On Little Gods

[It’s good to remember that those big gods would be nothing without little gods. They’d have no Olympus without them–just empty thrones. In some ways, I’d prefer Olympus to fall… Such a sad post about the loss of an author’s power–at the risk of the creation. Are you a “good little god” if what you create suffers under your own apathy to let it be abused?]

Victoria (V.E.) Schwab

I’ve been thinking a lot about control. As a writer, you sculpt a world from scratch, populate it with people, with stories, and control them all. From the geography to the folklore, the smallest details to the largest plots. It’s in your hands.

In that sense, as a writer, you become a ‘little god’.

But in publishing–that business side of the art, your control dissolves.

You don’t control whether the book sells.

You don’t control the marketing budget if he does.

You don’t control the publisher’s investment.

You don’t control your place in-house.

You don’t control the sales plan.

You don’t control the cover art.

You don’t control the jacket copy.

You don’t control how the book is portrayed, publicized, given, sold to the world.

You don’t control anything.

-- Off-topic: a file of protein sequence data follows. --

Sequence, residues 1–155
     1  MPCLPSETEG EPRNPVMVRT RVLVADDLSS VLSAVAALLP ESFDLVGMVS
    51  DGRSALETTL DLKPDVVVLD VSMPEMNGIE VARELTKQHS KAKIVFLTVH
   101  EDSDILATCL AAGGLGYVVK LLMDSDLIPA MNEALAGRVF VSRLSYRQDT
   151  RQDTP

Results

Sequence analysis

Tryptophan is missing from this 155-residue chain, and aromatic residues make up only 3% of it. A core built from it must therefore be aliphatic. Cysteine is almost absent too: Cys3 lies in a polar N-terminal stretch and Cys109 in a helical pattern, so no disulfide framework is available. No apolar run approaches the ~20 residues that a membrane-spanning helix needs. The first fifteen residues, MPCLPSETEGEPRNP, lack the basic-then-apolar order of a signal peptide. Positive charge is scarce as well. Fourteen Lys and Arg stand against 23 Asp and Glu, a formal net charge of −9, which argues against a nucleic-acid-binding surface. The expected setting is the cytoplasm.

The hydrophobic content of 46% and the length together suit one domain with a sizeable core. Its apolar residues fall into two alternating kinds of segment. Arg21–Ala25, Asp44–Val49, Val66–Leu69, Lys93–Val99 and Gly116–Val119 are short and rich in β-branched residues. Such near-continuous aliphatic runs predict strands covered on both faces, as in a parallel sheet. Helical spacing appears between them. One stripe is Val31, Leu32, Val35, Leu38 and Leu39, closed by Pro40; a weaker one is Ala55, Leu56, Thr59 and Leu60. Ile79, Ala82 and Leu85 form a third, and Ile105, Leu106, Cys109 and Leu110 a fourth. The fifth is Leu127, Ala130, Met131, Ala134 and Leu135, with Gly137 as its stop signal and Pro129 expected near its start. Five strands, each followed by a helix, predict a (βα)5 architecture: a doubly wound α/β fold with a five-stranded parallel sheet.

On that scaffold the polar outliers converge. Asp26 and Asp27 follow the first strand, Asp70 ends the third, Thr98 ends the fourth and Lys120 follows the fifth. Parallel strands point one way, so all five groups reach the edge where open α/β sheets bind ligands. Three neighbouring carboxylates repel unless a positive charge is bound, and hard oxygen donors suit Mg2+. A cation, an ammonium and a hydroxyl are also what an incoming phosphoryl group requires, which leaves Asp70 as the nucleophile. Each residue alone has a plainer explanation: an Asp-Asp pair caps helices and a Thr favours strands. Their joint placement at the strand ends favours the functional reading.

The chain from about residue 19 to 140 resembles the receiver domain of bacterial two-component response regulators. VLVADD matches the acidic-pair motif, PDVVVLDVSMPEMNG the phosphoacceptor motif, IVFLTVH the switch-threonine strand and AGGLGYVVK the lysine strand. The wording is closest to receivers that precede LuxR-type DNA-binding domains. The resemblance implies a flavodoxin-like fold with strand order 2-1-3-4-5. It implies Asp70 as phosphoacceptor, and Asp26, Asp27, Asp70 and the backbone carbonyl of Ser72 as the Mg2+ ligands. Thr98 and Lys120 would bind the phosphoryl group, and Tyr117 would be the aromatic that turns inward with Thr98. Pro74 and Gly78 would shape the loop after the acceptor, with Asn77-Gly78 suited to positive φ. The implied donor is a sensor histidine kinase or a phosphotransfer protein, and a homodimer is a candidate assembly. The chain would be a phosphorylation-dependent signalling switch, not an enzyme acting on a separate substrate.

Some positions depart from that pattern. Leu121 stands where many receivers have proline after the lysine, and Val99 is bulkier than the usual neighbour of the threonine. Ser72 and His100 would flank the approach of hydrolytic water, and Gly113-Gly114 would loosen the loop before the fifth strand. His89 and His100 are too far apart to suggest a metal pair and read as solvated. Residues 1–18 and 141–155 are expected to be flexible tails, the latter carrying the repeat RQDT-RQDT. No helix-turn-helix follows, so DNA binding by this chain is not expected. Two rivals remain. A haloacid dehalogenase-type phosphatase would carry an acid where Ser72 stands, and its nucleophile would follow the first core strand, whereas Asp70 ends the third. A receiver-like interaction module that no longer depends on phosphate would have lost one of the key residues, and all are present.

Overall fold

Or at least, it can feel that way.

Because, of course, you still control one thing.

The words.

The content between…

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“The first 100 pages were build up” or “The Fantasy Writer’s Dilemma”

Some wise words from V.E. Schwab.

Victoria (V.E.) Schwab

So I’m sitting here, working on my 10th book—how did that happen?—and thinking about pacing. As someone who writes fantasy, I’m always faced with a dilemma, a push-pull problem: the need to introduce the world and its rules, without dragging down the plot. I like to think I do this—I certainly do my best—but the simple fact is that those first 100 pages can’t JUST be plot, not in fantasy.

They have to lay foundations.

They have to set up the rest of the book, so that it all makes sense and pays off and the clues add up and the twists work and the punches land and you’re left with a feeling of YES. Because here’s what I think: it’s worth it. Those opening pages, which lay that foundation—I’m not talking about info-dumping, that is nightmarish and just bad writing—and establish your world, they are worth it. They…

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